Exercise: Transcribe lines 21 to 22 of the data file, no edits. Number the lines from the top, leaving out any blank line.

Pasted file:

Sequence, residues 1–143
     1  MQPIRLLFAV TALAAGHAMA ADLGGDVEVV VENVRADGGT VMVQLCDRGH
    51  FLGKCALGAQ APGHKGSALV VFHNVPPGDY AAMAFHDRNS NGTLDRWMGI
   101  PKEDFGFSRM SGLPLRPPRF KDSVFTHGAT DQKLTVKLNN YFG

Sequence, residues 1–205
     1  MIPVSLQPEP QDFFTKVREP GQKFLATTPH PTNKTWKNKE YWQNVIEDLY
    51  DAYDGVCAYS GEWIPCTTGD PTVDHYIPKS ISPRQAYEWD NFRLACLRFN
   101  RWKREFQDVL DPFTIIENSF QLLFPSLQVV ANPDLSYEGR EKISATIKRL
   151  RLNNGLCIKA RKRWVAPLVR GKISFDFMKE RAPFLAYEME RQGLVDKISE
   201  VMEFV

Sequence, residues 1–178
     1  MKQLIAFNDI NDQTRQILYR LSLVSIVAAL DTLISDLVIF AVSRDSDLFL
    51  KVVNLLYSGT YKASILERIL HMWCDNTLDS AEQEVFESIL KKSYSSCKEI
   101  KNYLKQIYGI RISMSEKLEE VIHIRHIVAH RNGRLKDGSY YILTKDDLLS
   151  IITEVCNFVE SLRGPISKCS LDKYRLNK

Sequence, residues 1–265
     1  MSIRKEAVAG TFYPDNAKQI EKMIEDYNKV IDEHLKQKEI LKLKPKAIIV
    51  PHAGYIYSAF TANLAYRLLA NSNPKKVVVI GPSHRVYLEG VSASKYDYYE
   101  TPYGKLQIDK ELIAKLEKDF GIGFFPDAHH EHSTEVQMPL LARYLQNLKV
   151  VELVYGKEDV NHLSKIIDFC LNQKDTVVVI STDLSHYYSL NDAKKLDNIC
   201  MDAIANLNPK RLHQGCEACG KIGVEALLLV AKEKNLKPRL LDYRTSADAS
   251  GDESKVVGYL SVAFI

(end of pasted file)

   201  MDAIANLNPK RLHQGCEACG KIGVEALLLV AKEKNLKPRL LDYRTSADAS
   251  GDESKVVGYL SVAFI